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'Robot writers' adept at natural language generation, but they're no Melville

Robots aren’t taking over the world (just yet, anyway), but the idea that robots could take over the world is certainly taking over the conversation among techies. Earlier this week, I published a story out of the MIT Sloan CIO Symposium titled Automated systems: Dehumanizing the workplace. The story featured comments from a distinguished panel, including Robbie Allen, CEO at Automated Insights (Ai).

You may not be familiar with the company name, but you’re familiar with its work if you read the news. The Associated Press, for one, started using Ai’s “robot writers” to craft earnings reports, many of which are placed directly on the wire. Ai doesn’t get a byline, but the robot writers do get credit. At the bottom of an Ai story, a tagline states that the piece was generated by Automated Insights.

My story prompted James Kotecki, manager of media and public relations at Ai, to get in touch. (Kotecki, by the way, has a 21st century media story all his own to tell.) The “dehumanizing the workplace” headline caught his eye, he said in an email, because he had recently published his thoughts on how a company like Ai (and I’m quoting from his piece, here) “makes the world a better place to be a human.”

He offered an opportunity to chat, and I took him up on it. While some of the conversation veered toward the philosophical (an easy trap to fall into when talking about robot writers), the more relevant aspects of the conversation for CIOs had to do with the technology.

Ai’s main product is its Wordsmith platform, patented technology that specializes in “natural language generation.” Kotecki described it as “almost the inverse” of natural language processing, a technology at the heart of IBM Watson.

The Wordsmith platform takes data (such as business intelligence data, or, specifically for marketers, Google AdWords and Google Analytics data, and even personal fitness data), analyzes it for trends, measures it against the aggregate as a way to add historical context, and then turns that data into a narrative — that is, into natural language.

If businesses want to program in a specific tone, Ai can do that too. Yahoo Fantasy Football uses Ai to generate individual weekly reports for participants. Last year, according to a press release, Yahoo requested more snark — and got it — to the apparent delight of Fantasy Football fans, who shared plenty of Ai’s comments on Twitter, according to Kotecki.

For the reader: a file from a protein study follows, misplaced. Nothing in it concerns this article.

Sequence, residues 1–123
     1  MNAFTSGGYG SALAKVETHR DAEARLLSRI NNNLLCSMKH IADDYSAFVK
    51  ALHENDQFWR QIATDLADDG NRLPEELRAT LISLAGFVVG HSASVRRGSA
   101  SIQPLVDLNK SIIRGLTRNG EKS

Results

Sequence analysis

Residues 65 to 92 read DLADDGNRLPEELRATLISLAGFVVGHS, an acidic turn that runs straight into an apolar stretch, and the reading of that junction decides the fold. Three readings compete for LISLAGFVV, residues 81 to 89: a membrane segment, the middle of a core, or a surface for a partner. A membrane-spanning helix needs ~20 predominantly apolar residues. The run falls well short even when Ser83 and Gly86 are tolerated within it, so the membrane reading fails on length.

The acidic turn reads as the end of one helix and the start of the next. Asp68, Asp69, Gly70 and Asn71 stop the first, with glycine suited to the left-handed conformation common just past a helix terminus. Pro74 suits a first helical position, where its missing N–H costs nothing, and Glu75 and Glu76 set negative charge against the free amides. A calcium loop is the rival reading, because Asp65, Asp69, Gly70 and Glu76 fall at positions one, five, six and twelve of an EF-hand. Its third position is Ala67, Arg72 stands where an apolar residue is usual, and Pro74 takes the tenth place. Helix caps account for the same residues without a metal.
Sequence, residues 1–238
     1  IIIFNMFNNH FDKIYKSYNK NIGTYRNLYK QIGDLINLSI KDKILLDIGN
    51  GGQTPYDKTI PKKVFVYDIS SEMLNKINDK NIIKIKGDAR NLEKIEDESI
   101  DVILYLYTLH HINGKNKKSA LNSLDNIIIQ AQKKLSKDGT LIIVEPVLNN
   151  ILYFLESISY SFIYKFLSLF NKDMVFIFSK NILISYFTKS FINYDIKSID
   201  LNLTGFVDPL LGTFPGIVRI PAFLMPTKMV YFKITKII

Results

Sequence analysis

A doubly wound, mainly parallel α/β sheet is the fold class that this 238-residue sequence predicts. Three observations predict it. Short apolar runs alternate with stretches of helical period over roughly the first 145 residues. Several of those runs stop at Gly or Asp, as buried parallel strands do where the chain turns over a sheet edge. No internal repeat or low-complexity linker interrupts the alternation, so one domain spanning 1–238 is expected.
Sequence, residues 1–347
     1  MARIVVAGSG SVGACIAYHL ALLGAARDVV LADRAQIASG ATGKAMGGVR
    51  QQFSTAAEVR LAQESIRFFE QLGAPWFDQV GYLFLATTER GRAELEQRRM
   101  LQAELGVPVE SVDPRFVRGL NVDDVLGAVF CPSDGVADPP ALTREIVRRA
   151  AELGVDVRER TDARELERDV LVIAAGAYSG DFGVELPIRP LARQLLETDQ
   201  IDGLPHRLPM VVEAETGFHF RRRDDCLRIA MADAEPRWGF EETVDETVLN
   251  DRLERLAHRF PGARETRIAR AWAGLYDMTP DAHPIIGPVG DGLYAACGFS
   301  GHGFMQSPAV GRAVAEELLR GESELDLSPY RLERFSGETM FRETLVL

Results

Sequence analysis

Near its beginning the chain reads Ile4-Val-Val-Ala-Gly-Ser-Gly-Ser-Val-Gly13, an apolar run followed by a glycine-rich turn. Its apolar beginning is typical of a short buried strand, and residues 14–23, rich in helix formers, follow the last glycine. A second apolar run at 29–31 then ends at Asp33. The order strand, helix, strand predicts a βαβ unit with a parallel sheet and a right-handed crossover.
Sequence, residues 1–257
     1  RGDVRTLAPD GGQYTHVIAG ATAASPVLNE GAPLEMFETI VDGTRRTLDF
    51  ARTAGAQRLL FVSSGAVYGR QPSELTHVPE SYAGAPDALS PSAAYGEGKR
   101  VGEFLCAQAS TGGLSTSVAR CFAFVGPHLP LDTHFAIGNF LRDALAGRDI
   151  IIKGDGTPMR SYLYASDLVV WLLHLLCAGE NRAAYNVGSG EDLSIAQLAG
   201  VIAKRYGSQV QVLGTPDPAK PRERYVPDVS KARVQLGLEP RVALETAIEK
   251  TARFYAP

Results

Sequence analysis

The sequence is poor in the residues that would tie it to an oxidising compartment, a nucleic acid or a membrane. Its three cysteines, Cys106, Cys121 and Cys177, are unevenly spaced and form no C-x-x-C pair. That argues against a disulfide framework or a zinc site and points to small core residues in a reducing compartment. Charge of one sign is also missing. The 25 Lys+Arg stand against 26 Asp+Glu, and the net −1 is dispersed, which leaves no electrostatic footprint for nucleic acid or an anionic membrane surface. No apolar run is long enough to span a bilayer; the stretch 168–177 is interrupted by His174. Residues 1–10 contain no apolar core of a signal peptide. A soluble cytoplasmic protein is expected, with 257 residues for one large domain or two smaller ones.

“We know we’re engaging with people in a way that just a raw set of numbers and charts would definitely not be able to,” Kotecki said.

But, as Kotecki was quick to point out, machines can’t do it all — and likely won’t be able to. “A lot of folks ask us, ‘Can you write fiction? Can you write a novel,'” he said. “And the answer is, typically, we rely on structured data to do what we do and there’s a configuration process that works with the output for any given client.” When it comes to fiction, what kind of data is necessary for the Wordsmith platform to produce the next great American novel?  “I don’t even know how you’d start,” Kotecki said.

Even more to the point for journalists, Kotecki believes augmentation is a better, stronger alternative than automation. “Humans are, frankly, much, much better at [adding context] than machines. And machines are better at doing that data processing and number crunching than humans,” Kotecki said.

He pointed to a recent AP story about the Disney Corp. (like this one), which includes more contextual information than your typical earnings report. At the bottom of the story, the tagline disclosed that only elements of the story were generated by Ai. “That’s usually the tell-tall sign that humans have worked on it as well,” Kotecki said.